Also shown in FIG. 5 is the fact that a false endpoint peak in the sensor's output signal typically occurs shortly (e.g., about 5 to 20 seconds) before etching of the dielectric layer is complete. The false endpoint can be easily mistaken as an indication that the etching endpoint has been reached. The time difference between the premature peak in the light intensity signal and the signal's true peak is proportional to the wavelength being monitored for a given etch-reaction rate, refractive index of the dielectric material and angle between the sensor's optical path and the wafer surface. The false endpoint in FIG. 5 is actually due to destructive interference, since the sensor signal in this Figure is inverted. However, the same false endpoint phenomenon is also observed in the sensor signals for plasma etching reactants (whose sensor signal is not inverted) and those false endpoints are caused by constructive interference.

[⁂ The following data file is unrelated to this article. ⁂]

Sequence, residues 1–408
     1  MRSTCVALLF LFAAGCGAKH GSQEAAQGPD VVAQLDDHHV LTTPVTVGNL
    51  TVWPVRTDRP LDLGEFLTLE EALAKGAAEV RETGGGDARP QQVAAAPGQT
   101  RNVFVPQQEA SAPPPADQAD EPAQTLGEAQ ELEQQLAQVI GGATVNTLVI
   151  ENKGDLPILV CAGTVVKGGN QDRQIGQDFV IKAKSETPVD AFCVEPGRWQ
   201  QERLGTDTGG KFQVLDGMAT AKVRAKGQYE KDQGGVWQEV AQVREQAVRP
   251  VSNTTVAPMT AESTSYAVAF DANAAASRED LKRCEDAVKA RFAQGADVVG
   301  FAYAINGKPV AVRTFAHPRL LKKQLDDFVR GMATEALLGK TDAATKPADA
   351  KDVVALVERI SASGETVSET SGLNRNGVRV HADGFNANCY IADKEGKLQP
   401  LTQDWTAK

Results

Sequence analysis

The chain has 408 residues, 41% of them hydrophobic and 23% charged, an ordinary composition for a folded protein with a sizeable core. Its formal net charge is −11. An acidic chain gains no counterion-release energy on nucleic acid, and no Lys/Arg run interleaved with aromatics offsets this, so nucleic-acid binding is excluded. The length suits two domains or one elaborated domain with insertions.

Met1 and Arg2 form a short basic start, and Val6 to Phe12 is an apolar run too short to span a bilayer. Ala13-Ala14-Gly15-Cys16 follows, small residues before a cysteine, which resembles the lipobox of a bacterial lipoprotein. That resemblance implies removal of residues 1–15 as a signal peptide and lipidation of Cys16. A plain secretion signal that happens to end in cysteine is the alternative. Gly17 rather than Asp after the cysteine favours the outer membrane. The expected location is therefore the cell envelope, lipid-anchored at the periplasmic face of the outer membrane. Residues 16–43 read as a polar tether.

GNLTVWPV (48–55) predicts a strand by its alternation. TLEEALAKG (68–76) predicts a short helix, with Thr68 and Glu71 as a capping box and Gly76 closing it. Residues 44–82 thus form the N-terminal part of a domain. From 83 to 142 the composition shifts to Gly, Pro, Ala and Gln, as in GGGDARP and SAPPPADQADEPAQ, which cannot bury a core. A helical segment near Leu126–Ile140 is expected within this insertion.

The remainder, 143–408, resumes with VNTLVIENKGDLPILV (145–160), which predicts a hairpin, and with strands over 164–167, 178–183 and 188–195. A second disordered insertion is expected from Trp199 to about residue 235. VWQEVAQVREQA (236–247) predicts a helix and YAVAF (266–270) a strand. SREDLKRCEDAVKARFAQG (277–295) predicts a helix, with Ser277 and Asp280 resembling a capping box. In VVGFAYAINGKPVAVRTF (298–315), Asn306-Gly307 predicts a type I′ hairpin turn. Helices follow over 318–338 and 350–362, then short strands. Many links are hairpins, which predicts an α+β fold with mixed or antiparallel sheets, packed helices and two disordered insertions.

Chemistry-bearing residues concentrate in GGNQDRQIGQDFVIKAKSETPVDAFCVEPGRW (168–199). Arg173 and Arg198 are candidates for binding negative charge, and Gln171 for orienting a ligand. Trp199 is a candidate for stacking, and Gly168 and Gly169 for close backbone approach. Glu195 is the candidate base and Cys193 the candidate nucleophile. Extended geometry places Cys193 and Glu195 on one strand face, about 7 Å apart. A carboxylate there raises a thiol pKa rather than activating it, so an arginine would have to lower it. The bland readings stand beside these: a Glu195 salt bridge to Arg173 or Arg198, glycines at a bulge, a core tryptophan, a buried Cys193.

If the etching process is stopped when this "false endpoint" is detected, all the circuits on the wafer being processed will be non-functional because the remaining dielectric material will prevent electrical contacts essential to operation of the electrical circuits being manufactured. Therefore it is very important to be able to accurately distinguish between the false endpoints and true endpoints when etching dielectric films.
It should be noted that the constructive/destructive light interference problem occurs only when etching a film that is not opaque, since opaque films cannot generate interfering optical signals. Since the main film layers used in semiconductor wafer processing that are not opaque are dielectric films, the present invention is primarily applicable to plasma etching of dielectric films. Examples of non-opaque dielectric films to which the present invention is applicable include: silicon dioxide, silicon nitride, silicate-based or siloxane-based SOG (spin on glass), polyimide, and silicon oxynitride. Silicon dioxide films to which the present application is applicable include thermally grown silicon dioxide, silicon dioxide deposited through chemical vapor deposition, TEOS (tetra ethyl orthosilicate) derived silicon dioxide, or silicon tetrahydride derived silicon dioxide.